Health services at one of New Zealand's largest maternity providers are under the spotlight after it was found to have a death rate significantly above the national average.

The death rate in the Counties Manukau District Health Board area for newborns and fetuses from mid-pregnancy was about 13 in 1000 births in 2007. The national average was just over 10.

Counties, which has the greatest number of births in the country, is the only health district to unequivocally exceed the average. Several others, including Northland, may also be above the average, but because they have far fewer births the statistical calculations are uncertain.

Counties' outlier status was identified by the perinatal and maternal mortality review committee. Its chairwoman, obstetrics and gynaecology professor Cindy Farquhar, said they were of concern.

She said it was imperative women book their maternity care early, ideally before the 10-week point in pregnancy, and she wants a national advertising campaign to promote this.

The committee has urged further investigation at Counties, which is being done by the DHB.

"Perinatal-related mortality" covers the last half of pregnancy, including abortions and stillbirths, and newborns up to 28 days old.

The DHB says investigations suggest its above-average rate is associated with matters such as the high rate of deprivation in its population, its high rate of obesity, large families and a tendency for some women to seek maternity care only after medical problems have begun.

Its clinical director of women's health, Dr Keith Allenby, said it appeared the kind of care provided was not a factor - the rate was the same in different care models involving midwives or combinations of midwives and GPs or obstetricians.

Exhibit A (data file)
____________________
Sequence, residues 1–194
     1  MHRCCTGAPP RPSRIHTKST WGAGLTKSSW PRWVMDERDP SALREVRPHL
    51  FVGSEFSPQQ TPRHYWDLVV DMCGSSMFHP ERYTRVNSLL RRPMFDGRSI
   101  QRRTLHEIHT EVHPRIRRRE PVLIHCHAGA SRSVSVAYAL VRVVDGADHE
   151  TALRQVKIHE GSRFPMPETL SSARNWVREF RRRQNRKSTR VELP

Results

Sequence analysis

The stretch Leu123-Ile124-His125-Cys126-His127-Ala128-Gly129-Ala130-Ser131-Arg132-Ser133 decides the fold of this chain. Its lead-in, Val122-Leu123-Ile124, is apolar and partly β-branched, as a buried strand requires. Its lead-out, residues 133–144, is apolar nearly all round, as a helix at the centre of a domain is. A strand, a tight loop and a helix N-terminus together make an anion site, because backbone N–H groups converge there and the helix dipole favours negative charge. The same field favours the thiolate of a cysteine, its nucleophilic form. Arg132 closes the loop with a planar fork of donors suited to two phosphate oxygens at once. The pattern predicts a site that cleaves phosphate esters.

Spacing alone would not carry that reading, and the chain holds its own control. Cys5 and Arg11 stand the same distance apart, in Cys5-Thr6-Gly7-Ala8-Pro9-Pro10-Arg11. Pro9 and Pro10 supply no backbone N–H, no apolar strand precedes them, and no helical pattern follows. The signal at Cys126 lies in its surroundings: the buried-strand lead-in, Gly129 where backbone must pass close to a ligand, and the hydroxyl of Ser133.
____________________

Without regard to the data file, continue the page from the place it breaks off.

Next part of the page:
The DHB's list of "sentinel" events for 2007/8 includes the death of a baby from brain damage caused by a lack of oxygen during delivery.

This followed a "failure to recognise and act on deteriorating fetal heart trace during labour" and was linked to an inadequate hand-over of the patient to Middlemore Hospital from a satellite birthing unit.

In 2006, the Herald reported on the death of newborn Tyla Phillips at Middlemore in 2005, a case in which the hospital criticised delays from misreading of the fetal heart-rate monitor and unnecessary blood tests.

Counties has for years struggled with a critical shortage of midwives, the main providers of maternity care.

It has tried to address this partly by paying GPs to take a greater maternity role than elsewhere in a form of shared care.

A Health Ministry paper obtained by the Weekend Herald shows the DHB, in a submission on the now-discontinued Maternity Action Plan, suggested that "its model of care allows it to achieve excellent outcomes", including one of the country's lowest rates of obstetric intervention.

But the paper contrasts this with the Farquhar committee's findings, and says the committee will continue to closely monitor the DHB's rates.

It notes that shared care means there is often little continuity of maternity care.

Having a single person, usually a midwife and a colleague, take responsibility is considered a virtue of the lead maternity carer system.

Counties wants to encourage the creation of clinical networks of GPs and midwives and make primary health organisations the hub of community maternity care.